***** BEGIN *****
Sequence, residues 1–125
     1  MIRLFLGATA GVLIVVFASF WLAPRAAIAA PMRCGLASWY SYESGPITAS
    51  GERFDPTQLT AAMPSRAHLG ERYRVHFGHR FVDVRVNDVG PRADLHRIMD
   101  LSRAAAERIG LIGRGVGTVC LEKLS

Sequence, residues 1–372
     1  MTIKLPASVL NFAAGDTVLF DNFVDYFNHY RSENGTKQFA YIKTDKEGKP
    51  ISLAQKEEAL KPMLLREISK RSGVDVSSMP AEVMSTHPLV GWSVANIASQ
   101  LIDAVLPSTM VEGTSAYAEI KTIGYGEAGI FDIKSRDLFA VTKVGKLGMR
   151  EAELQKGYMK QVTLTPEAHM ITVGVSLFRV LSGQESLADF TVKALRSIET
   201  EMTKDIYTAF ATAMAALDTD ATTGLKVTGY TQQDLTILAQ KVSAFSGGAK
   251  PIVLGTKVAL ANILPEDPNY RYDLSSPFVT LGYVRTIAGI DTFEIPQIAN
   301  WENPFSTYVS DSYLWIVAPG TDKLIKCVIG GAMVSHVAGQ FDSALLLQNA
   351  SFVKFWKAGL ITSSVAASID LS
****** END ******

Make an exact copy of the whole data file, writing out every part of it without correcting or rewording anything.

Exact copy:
Sequence, residues 1–125
     1  MIRLFLGATA GVLIVVFASF WLAPRAAIAA PMRCGLASWY SYESGPITAS
    51  GERFDPTQLT AAMPSRAHLG ERYRVHFGHR FVDVRVNDVG PRADLHRIMD
   101  LSRAAAERIG LIGRGVGTVC LEKLS

Sequence, residues 1–372
     1  MTIKLPASVL NFAAGDTVLF DNFVDYFNHY RSENGTKQFA YIKTDKEGKP
    51  ISLAQKEEAL KPMLLREISK RSGVDVSSMP AEVMSTHPLV GWSVANIASQ
   101  LIDAVLPSTM VEGTSAYAEI KTIGYGEAGI FDIKSRDLFA VTKVGKLGMR
   151  EAELQKGYMK QVTLTPEAHM ITVGVSLFRV LSGQESLADF TVKALRSIET
   201  EMTKDIYTAF ATAMAALDTD ATTGLKVTGY TQQDLTILAQ KVSAFSGGAK
   251  PIVLGTKVAL ANILPEDPNY RYDLSSPFVT LGYVRTIAGI DTFEIPQIAN
   301  WENPFSTYVS DSYLWIVAPG TDKLIKCVIG GAMVSHVAGQ FDSALLLQNA
   351  SFVKFWKAGL ITSSVAASID LS